We present the first in a series of four articles which look in detail at the different concepts supporting the main themes of the Cosmic Vision — Space Science for Europe 2015-2025.

Theme 1 — What are the conditions for planet formation and the emergence of life?

A question that fascinates mankind is what was the succession of events after the Big Bang and the formation of stars and galaxies, and under which conditions, that led to the origin of life on Earth? Equally captivating is the question of whether life exists elsewhere in the Universe and, if so, in what forms, on which kind of planets and linked to which type of stars.

We are now at a unique moment in human history. For the first time, we are able to build instruments that allow us to investigate directly how unique the Earth is and whether or not we are alone in the Universe. Discovering Earth’s sisters and possibly life is the first step in the fundamental quest of understanding what succession of events led to the emergence and survival of life on Earth. For this, we need to know how, where and when stars form from gas and dust and how, where and when planets emerge from this process. This is certainly one of the most important scientific goals that ESA and Europe could set themselves.

1.1  From gas and dust to stars and planets

While our understanding of stellar evolution is making giant leaps forward, we still lack a comprehensive theory explaining why and how stars form from interstellar matter and, apparently quite often, planetary systems with them. The formation of planets has to be considered in the wider context of star formation and circumstellar disc evolution.


Map the birth of stars and planets by peering into the highly obscured cocoons where they form


1. Investigate star-formation areas, proto-stars and proto-planetary discs and find out what kinds of host stars, in which locations in the Galaxy, are the most favourable to the formation of planets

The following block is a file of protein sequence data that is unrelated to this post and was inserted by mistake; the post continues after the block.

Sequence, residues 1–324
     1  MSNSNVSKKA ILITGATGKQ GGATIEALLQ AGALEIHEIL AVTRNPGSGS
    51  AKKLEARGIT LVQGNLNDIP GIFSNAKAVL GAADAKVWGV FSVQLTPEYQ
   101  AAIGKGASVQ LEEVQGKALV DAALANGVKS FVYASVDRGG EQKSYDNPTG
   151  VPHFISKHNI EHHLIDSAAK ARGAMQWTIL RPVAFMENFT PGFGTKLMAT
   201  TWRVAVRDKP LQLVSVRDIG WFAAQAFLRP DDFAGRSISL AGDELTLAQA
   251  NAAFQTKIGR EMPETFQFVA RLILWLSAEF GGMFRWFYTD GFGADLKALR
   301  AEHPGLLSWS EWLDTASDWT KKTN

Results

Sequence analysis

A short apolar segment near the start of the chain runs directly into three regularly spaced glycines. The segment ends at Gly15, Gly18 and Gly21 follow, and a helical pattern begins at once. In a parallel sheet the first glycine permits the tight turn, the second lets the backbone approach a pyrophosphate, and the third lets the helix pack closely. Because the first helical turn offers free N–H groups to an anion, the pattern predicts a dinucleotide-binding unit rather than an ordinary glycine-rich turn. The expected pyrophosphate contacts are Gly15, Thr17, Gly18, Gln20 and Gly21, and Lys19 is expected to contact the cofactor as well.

2. Investigate the conditions for star formation and evolution

Mission Scenarios

1. Far-infrared observatory with high spatial and low to high spectral resolution

1.2  From exo-pamets to biomarkers

To guide the theory of planet formation, a complete census of all the planets from the largest to the smallest out to distances as large as possible is required. This can be achieved by making use of a variety of detection techniques, ranging from the high-precision measurement of radial velocities, high-accuracy astrometry to detect the tiny reflex motion of the star in the plane of the sky, and photometry to measure the changes of brightness during a transit or during a gravitational lensing event.


Search for planets around stars other than the Sun, looking for biomarkers in their atmospheres, and image them


1. Direct detection of Earth-like planets,with physical and chemical characterisation of their atmospheres for the identification of unique biomarkers

2. Systematic census of terrestrial planets

3. Ultimate goal: image terrestrial planets with a large optical interferometer

Mission Scenarios

1. Near-infrared nulling interferometer with high spatial resolution and low resolution spectroscopy

2. Terrestrial planet astrometric surveyor

1.3  Life and habitability in the Solar System

The quest for evidence of a second, independent genesis of life in the Solar System must begin with an understanding of what makes a planet habitable and how the habitable conditions change, either improving or degrading with time. For instance, the environmental conditions on the Earth today are not the same as when life first arose on this planet. The early Earth, with its oxygen-free atmosphere, high ultraviolet radiation, high temperatures and slightly acidic waters, could not support the highly evolved life forms so familiar to us. However, life could not have arisen on a planet with the environmental conditions that exist on Earth today.


Explore in situ the surface and subsurface of solid bodies in the Solar System most likely to host — or have hosted — life


1. Mars is ideally suited to address key scientific questions of habitability. Europa is the other priority for studying internal structure, composition of ocean and icy crust and radiation environment around Jupiter

2. Environmental conditions for the appearance and evolution of life include not only geological processes, the presence of water and favourable climatic and atmospheric conditions, but also the magnetic and radiation environment commanded by the Sun’s magnetic field

Mission Scenarios

1. Mars exploration with landers and sample return

2. Europa orbiter and/or lander in Jupiter Exploration Programme (JEP)

3. Solar polar orbiter to chart the Sun’s magnetic field in 3-D

For further information please contact:   SciTech.editor@esa.int


* ESA BR-247: Cosmic Vision — Space Science for Europe 2015-2025   http://sci.esa.int/science-e/www/object/index.cfm?fobjectid=38542